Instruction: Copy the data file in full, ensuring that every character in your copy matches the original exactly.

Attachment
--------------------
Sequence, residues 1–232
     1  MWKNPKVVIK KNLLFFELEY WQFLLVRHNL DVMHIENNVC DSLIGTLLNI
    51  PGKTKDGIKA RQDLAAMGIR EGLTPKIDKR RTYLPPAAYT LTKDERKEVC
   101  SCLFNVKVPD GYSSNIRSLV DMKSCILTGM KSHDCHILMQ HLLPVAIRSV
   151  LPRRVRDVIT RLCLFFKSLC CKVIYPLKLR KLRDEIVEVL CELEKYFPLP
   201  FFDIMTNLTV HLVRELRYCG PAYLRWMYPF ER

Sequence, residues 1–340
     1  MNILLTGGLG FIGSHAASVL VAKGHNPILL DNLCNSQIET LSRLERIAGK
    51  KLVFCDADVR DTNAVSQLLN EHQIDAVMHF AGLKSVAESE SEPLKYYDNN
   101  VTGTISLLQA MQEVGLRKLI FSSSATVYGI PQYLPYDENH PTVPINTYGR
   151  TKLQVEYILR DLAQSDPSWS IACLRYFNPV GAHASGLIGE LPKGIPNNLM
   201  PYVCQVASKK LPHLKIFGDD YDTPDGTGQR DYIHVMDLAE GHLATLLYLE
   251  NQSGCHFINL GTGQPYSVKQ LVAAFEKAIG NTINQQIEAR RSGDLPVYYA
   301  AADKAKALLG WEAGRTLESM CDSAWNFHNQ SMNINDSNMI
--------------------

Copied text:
Sequence, residues 1–232
     1  MWKNPKVVIK KNLLFFELEY WQFLLVRHNL DVMHIENNVC DSLIGTLLNI
    51  PGKTKDGIKA RQDLAAMGIR EGLTPKIDKR RTYLPPAAYT LTKDERKEVC
   101  SCLFNVKVPD GYSSNIRSLV DMKSCILTGM KSHDCHILMQ HLLPVAIRSV
   151  LPRRVRDVIT RLCLFFKSLC CKVIYPLKLR KLRDEIVEVL CELEKYFPLP
   201  FFDIMTNLTV HLVRELRYCG PAYLRWMYPF ER

Sequence, residues 1–340
     1  MNILLTGGLG FIGSHAASVL VAKGHNPILL DNLCNSQIET LSRLERIAGK
    51  KLVFCDADVR DTNAVSQLLN EHQIDAVMHF AGLKSVAESE SEPLKYYDNN
   101  VTGTISLLQA MQEVGLRKLI FSSSATVYGI PQYLPYDENH PTVPINTYGR
   151  TKLQVEYILR DLAQSDPSWS IACLRYFNPV GAHASGLIGE LPKGIPNNLM
   201  PYVCQVASKK LPHLKIFGDD YDTPDGTGQR DYIHVMDLAE GHLATLLYLE
   251  NQSGCHFINL GTGQPYSVKQ LVAAFEKAIG NTINQQIEAR RSGDLPVYYA
   301  AADKAKALLG WEAGRTLESM CDSAWNFHNQ SMNINDSNMI